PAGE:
Why Obliging Self-Identification is Wrong for Freedom of Information

by Digital Rights LAC on April 2, 2014

libertad info

Let’s assume you are a citizen of a Latin American country that has recently enacted a freedom of information (FOI) law. This is a likely situation; all but three Latin American countries have implemented some type of FOI measure over the last decade (with the exception of Costa Rica, Venezuela, and Paraguay). If your law is any good (which most are), it should empower you with the right to ask and receive information from government on most everything, barring certain standard exceptions. If it’s a good law, it also obliges your government to put certain important types of information online. If you happen to be in Brazil, like me, you can ask for your information in machine-readable open formats. According to the Center for Law and Democracy’s Right-to-Information Rating, Brazil’s law is among the fifteen most rigorous in the world.

By, Gregory Michener

Endangerment and Discrimination

Let’s also assume that you, citizen, know about serious corruption going on inside your city government and you want to do something about it. The problem is that whatever information you ask for using the law – the sort of information that may prompt an investigation by higher authorities, for example – you must provide your name and social security number (CPF) to the (dangerous) local authorities. This information can cost you your personal safety, or that of your family. What do you do? You probably do not make the request in the first place.

The need to provide a veridical name and identity number is required by only five of Latin America’s 14 freedom of information measures: those of Brazil, Ecuador, Nicaragua, Panama, and Peru. Of these laws, only two appear to be actually operating with minimal functionality – those of Brazil and Peru. Given the challenges of making FOI laws work in the first place, why impose obstacles such as the necessity to self-identify?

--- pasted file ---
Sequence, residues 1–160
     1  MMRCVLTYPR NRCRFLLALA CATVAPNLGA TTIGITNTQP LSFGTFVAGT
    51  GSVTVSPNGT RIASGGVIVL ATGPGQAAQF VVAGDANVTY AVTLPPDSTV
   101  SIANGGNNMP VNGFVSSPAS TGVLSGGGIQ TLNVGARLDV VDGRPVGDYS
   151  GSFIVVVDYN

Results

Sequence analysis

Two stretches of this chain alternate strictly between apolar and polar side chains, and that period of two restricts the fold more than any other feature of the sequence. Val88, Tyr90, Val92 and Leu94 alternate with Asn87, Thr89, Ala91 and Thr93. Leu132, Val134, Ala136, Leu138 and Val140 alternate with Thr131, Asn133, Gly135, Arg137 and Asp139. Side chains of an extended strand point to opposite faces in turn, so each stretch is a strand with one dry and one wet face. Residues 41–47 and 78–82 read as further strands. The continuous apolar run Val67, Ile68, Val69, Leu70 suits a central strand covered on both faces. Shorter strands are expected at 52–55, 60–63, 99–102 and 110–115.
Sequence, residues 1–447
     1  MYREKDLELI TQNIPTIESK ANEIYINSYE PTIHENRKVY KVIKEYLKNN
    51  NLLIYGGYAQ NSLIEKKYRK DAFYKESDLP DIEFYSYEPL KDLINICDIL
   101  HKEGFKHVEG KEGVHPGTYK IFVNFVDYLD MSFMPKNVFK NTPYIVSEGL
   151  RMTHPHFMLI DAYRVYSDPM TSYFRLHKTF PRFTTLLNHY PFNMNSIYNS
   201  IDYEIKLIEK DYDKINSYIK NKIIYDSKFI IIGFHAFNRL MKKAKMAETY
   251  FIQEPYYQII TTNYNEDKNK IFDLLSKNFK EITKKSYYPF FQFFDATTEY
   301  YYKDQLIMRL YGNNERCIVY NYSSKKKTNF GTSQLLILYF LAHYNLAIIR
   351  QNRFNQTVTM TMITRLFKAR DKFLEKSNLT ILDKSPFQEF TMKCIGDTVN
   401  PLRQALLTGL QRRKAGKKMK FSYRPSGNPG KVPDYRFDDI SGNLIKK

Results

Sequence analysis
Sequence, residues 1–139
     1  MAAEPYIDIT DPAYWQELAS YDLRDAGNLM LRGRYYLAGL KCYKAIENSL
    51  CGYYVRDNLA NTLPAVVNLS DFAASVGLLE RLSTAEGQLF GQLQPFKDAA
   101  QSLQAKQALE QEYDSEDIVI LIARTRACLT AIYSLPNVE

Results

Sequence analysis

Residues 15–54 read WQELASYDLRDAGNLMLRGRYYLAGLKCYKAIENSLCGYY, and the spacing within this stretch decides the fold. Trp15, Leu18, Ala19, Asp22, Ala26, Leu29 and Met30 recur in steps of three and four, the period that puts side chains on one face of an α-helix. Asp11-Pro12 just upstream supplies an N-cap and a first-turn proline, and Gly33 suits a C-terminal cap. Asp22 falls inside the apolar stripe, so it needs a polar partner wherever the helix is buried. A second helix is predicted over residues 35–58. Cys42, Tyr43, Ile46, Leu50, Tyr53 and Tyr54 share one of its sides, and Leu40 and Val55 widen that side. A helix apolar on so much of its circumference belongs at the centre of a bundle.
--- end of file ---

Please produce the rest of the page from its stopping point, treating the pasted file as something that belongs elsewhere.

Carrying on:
Let’s assume a milder hypothetical situation. The water your building receives from the city is dirty. You file a FOI request with the local water authorities and the relevant regulator. The information officers in these agencies receive your request and Google your name – out of innocent or calculated curiosity. Based on your Facebook profile and the fact that there is nothing else about you on the internet, they guess you are a ‘nobody,’ and answer with only basic, incomplete information that requires little effort on their part. Now let’s assume you’re a journalist from a powerful news organization. After the information officers receive your request and Google your name, they provide detailed information because they fear that lesser information will prompt you to launch an appeal and make the agency look bad.

What Type of Fundamental Right Requires Self-Identification?

If at all possible, government officials should not be able to discriminate based on a citizen’s identity, as illustrated above, nor should they be given the opportunity to intimidate a citizen. In effect, the obligation to provide one’s identity to exercise a fundamental right – the right to information – strikes a dissonant chord with international norms and national constitutions. In most countries with better practice laws, using your own identity is optional. You can provide an email like mickeymouse@hotmail.com and that is all you need. Why is a social security number necessary to exercise a fundamental right? This obligation is legally equivalent to having to register your social security number before assembling a group of friends in a public place or writing an editorial for a newspaper. These rights – the right to assemble and the right of freedom of expression – do not require social security numbers, so why does the right to information?

The need to eliminate the need to self-identify is urgent, particularly so in Latin America and other developing regions. Unprofessional administrators, patrimonial governments, and administrations infiltrated by criminal organizations present serious risks to the practicability of freedom of information rights. It is ironic that the obligation to self-identify renders the governments most in need of public scrutiny – such as those involved in illegal activities – the least likely to be brought into the light of day.

Googling Requesters and Intimidation Tactics